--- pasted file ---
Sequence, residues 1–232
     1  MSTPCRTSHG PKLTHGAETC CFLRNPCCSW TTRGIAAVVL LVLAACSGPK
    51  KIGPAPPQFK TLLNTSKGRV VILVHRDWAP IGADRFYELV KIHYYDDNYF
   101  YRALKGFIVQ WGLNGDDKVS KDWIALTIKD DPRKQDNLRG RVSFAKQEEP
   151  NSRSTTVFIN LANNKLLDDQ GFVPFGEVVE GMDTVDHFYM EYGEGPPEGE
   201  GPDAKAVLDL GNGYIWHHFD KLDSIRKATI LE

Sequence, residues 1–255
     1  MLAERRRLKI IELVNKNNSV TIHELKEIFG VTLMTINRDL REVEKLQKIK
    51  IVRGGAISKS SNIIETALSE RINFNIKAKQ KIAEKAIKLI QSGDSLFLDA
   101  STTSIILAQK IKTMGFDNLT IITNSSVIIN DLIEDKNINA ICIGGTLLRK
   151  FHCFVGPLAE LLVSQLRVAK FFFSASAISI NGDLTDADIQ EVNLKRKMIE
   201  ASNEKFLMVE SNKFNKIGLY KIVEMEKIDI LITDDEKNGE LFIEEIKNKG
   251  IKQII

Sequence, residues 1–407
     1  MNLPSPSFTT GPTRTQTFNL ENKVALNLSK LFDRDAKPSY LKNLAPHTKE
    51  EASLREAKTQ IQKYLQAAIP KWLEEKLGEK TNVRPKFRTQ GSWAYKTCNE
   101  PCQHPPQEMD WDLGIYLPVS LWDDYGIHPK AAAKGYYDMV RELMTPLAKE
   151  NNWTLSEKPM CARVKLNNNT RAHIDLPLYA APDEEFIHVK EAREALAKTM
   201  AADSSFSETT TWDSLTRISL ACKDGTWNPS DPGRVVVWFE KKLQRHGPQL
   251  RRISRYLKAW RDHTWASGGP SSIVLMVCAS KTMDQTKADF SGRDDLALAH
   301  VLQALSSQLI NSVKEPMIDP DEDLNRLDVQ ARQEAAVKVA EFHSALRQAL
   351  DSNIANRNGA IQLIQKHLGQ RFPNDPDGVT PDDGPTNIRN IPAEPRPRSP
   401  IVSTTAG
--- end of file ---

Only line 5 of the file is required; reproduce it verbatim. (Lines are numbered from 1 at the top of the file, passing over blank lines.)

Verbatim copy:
   151  NSRSTTVFIN LANNKLLDDQ GFVPFGEVVE GMDTVDHFYM EYGEGPPEGE